This summer also brought the Black Lives Matter movement to the forefront. What are your thoughts?

I think it is very much a part of the reset to our society that COVID has brought. It’s all a part of the sun being brighter and the grass being greener. You had a lot of people at home when that awful tape from Minneapolis appeared on your TV screen. It was eight minutes and 26 seconds and no matter who you were, it was just shocking. Everybody said wait a minute, this is disgraceful. My goal is that we all participate in re-building society brick by brick together.

How about in terms of our industry offering opportunity to all?

We have not made progress as an industry. The first area is the difficulty in raising capital to open a restaurant. Keep in mind that most of the best restaurants around the world are dominated by white males. There’s never anybody of color on those lists and if they are, they are Asian. It’s a European industry with guys like Paul Bocuse who was known for only having white male people working his kitchen. There’s a trickle-down effect.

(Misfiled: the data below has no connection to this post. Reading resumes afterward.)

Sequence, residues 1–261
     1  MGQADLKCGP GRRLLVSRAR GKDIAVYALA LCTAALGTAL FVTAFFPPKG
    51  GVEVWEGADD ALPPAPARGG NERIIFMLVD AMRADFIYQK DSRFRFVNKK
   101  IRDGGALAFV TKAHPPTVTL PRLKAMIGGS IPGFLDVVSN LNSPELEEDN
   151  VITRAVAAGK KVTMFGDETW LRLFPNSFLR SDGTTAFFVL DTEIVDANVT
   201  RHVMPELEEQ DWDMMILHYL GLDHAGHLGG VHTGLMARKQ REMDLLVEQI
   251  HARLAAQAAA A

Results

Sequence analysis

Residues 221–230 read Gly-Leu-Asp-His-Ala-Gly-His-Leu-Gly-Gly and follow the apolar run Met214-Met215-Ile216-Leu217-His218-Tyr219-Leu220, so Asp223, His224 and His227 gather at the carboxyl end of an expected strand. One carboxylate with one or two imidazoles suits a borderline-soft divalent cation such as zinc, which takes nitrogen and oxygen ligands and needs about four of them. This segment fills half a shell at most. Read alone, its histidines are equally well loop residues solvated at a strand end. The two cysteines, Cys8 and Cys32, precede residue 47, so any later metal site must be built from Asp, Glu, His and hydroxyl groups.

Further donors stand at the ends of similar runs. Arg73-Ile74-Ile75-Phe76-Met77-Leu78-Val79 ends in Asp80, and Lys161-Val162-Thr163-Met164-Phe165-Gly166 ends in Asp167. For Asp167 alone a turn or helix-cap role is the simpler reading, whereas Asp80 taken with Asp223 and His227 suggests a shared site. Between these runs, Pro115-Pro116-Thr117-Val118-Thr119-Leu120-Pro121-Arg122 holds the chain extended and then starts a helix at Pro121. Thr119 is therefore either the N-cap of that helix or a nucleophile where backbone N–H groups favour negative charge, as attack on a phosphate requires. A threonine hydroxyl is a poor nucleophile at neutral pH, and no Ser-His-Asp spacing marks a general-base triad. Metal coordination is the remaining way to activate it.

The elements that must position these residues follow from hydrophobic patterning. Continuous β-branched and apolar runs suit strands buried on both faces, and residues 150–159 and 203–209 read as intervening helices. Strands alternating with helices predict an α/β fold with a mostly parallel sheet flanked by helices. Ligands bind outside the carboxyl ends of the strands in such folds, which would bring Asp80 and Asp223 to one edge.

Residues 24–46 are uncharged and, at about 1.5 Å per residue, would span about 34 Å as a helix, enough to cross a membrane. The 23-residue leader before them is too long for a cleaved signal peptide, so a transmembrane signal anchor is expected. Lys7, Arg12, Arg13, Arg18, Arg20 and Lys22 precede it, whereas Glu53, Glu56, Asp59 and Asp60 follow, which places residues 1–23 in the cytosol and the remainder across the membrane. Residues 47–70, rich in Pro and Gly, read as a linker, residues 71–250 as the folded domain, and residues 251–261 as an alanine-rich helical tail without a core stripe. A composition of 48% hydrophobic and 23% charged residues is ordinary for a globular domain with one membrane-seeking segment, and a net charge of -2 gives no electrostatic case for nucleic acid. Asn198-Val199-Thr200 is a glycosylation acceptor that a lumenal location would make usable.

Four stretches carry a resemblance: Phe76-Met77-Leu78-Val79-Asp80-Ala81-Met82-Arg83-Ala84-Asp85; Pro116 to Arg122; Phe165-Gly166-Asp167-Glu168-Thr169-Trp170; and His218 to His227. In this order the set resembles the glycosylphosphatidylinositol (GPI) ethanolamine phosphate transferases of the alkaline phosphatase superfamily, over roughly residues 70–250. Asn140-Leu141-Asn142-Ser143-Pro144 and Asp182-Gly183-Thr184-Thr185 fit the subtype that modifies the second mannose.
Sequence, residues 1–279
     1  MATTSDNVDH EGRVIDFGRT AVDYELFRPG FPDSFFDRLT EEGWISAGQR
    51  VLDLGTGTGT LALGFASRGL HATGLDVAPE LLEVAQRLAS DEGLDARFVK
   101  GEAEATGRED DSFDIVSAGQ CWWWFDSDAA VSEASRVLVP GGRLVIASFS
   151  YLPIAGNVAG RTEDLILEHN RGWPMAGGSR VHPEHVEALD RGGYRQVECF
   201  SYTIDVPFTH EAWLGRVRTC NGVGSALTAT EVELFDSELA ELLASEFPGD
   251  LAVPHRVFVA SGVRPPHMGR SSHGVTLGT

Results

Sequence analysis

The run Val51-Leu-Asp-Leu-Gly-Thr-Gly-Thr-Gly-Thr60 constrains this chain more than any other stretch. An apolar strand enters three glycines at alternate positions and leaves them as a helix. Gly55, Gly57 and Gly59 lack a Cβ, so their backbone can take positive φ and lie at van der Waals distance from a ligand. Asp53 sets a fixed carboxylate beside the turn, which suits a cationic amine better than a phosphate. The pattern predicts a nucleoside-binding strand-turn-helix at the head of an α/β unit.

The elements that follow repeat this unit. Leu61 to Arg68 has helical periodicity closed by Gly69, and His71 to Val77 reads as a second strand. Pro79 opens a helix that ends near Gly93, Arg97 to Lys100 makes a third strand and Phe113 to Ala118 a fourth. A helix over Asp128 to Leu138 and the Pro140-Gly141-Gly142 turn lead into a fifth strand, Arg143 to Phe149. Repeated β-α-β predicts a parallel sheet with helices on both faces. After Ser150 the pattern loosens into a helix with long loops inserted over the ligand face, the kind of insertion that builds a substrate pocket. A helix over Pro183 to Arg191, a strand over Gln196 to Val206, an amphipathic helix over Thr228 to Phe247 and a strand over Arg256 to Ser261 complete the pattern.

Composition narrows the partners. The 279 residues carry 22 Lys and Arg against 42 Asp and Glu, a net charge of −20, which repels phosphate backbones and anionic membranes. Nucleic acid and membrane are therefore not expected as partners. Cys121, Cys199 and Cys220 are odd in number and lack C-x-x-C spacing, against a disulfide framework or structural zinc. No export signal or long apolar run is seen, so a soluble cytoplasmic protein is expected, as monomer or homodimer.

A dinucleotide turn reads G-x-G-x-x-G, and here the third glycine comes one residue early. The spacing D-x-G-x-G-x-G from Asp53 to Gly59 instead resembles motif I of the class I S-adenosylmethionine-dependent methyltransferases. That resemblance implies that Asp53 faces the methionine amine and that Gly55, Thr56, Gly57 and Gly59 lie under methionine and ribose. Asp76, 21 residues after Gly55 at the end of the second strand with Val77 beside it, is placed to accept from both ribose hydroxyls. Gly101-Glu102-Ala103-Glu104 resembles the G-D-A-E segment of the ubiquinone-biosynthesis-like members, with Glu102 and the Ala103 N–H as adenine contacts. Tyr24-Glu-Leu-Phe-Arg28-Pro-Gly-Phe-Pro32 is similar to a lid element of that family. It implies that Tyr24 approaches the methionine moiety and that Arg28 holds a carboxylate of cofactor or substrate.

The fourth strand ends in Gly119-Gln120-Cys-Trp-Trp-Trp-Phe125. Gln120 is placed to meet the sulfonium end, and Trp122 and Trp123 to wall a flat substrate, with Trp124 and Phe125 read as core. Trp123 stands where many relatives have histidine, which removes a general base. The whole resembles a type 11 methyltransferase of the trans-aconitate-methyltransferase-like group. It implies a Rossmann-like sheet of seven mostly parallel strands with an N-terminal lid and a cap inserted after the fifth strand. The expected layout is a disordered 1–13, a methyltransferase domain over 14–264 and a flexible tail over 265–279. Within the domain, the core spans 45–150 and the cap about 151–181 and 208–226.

Can a chef just cook anymore? Do you have to have TV shows and write books?

Chef JJ Johnson
Chef JJ Johnson at work in the kitchen

It’s different for every chef. Not everyone is built for TV or writing cookbooks. Every chef would like to be on TV, it’s like making the NBA or NFL. For me, it always starts with the food. If you don’t have great food, there’s nothing to talk about. Bobby Flay cooks good food and that’s why when he is on TV people trust him. Wolfgang Puck, the same thing. Rachel Ray and Giada take a different approach as they try to educate you on food and ingredients. You can’t be a brand without a restaurant but you can be a brand without a TV show. Andrew Carmellini has a strong brand but doesn’t have a personality that fits on TV.